With each step, add some fun. Play holiday music while decorating the house or baking cookies. Make a batch of peppermint popcorn to munch on when watching the annual holiday movie. Stroll through the neighbourhood to enjoy the lights instead of sitting in your car. And don’t forget the hot cocoa!
When it comes to gifts, be mindful of overspending. There is nothing more stressful than starting the new year in debt as one by one he bills come in. Consider a budget and then prioritize your spending. Below are just a few things to consider for holiday gift giving:
Decide on a gift exchange with a monetary limit if your family or friend group is quite large.
It is so tempting to ‘reach out and click’ only to get your package delivered to your front door two days later. But remember the neighbourhood mom-and-pops, small business owners and artisans. Shopping local builds community relationships. It is definitely worth it.
Make your own gift: handmade items, baked goods or providing a service - we all have something to offer. For more ideas, check out the Yule blog.
Donate money to a cause close to someone’s heart in lieu of gifts. When it comes to causes, the list is endless e.g., animals, children, diversity, poverty, veterans etc.
Being prepared puts the “have tos” into perspective. If you’re the one who cooks the entire Christmas meal, share the love, and make it a potluck. Gather at lunchtime instead of supper so things don’t get too late for your guests. Grandpa won’t be yawning at the dinner table and people won’t be driving home in the freezing cold of night. Let the kids open a gift the night before so they’re not pulling you out of bed at 4:00 a.m. with restless anticipation. Consider how much is just expected because “it has always been this way”. Maybe it’s time to change course. Mix it up a little. Create a new tradition.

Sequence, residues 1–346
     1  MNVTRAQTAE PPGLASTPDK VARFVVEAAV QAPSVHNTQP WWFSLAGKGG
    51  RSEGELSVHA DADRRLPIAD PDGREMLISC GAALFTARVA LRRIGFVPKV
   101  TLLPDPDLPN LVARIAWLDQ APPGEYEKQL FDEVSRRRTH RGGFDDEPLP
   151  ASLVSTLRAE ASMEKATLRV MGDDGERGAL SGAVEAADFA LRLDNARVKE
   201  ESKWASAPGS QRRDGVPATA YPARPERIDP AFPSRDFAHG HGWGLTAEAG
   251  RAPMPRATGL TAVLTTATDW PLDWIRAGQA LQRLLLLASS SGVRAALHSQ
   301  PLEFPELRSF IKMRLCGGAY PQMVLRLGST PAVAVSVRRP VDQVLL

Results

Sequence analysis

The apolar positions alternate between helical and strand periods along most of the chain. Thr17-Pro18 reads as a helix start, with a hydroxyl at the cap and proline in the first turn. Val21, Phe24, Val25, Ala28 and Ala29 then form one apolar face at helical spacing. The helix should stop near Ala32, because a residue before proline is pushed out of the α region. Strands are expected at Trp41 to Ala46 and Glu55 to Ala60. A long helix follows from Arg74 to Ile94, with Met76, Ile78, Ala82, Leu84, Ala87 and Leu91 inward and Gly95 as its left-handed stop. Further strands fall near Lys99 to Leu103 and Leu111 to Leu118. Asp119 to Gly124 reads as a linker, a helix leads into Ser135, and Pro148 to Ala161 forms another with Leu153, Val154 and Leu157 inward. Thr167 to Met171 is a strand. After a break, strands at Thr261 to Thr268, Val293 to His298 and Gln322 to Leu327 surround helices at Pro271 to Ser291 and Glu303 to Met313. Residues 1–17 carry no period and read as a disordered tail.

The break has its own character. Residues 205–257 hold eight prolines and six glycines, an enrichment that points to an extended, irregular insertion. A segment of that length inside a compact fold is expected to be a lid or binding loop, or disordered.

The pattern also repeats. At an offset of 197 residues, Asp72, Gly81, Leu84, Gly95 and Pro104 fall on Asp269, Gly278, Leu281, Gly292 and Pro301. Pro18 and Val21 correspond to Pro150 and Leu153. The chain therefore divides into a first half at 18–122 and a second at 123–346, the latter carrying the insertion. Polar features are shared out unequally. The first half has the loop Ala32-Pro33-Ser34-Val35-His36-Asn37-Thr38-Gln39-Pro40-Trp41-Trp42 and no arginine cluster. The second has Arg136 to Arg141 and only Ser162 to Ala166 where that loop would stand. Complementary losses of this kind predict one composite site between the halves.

Last but not least, as my friend Sarah always says: "don’t forget to put yourself on the list". What things help keep your cup filled? Quiet time to meditate or journal? Reading a steamy romance or cozy mystery? Baileys in your coffee before the rest of the household wakes up? Take care of yourself. Continue your exercise regime, get enough sleep, and drink plenty of water.
Whether you have a large extended family, or celebrate alone with your fur friends, be present and enjoy these small simple pleasures of life. “No” may be a complete sentence, but so is “breathe”.